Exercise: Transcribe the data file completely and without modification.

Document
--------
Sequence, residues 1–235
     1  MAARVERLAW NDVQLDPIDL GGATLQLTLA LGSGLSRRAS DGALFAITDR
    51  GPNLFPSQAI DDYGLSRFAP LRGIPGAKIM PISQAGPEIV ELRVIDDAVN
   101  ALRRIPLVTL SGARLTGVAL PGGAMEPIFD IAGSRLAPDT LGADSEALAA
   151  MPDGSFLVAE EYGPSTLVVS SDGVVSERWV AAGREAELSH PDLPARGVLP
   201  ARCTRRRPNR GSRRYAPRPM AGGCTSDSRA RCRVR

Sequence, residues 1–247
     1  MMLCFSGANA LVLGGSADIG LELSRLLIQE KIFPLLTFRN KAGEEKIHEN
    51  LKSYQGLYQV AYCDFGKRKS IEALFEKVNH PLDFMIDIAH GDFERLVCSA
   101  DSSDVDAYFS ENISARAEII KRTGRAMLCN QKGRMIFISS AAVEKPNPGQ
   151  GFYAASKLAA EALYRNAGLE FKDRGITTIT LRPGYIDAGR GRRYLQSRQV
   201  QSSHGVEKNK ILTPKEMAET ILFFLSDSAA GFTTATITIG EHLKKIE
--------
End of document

Sequence, residues 1–235
     1  MAARVERLAW NDVQLDPIDL GGATLQLTLA LGSGLSRRAS DGALFAITDR
    51  GPNLFPSQAI DDYGLSRFAP LRGIPGAKIM PISQAGPEIV ELRVIDDAVN
   101  ALRRIPLVTL SGARLTGVAL PGGAMEPIFD IAGSRLAPDT LGADSEALAA
   151  MPDGSFLVAE EYGPSTLVVS SDGVVSERWV AAGREAELSH PDLPARGVLP
   201  ARCTRRRPNR GSRRYAPRPM AGGCTSDSRA RCRVR

Sequence, residues 1–247
     1  MMLCFSGANA LVLGGSADIG LELSRLLIQE KIFPLLTFRN KAGEEKIHEN
    51  LKSYQGLYQV AYCDFGKRKS IEALFEKVNH PLDFMIDIAH GDFERLVCSA
   101  DSSDVDAYFS ENISARAEII KRTGRAMLCN QKGRMIFISS AAVEKPNPGQ
   151  GFYAASKLAA EALYRNAGLE FKDRGITTIT LRPGYIDAGR GRRYLQSRQV
   201  QSSHGVEKNK ILTPKEMAET ILFFLSDSAA GFTTATITIG EHLKKIE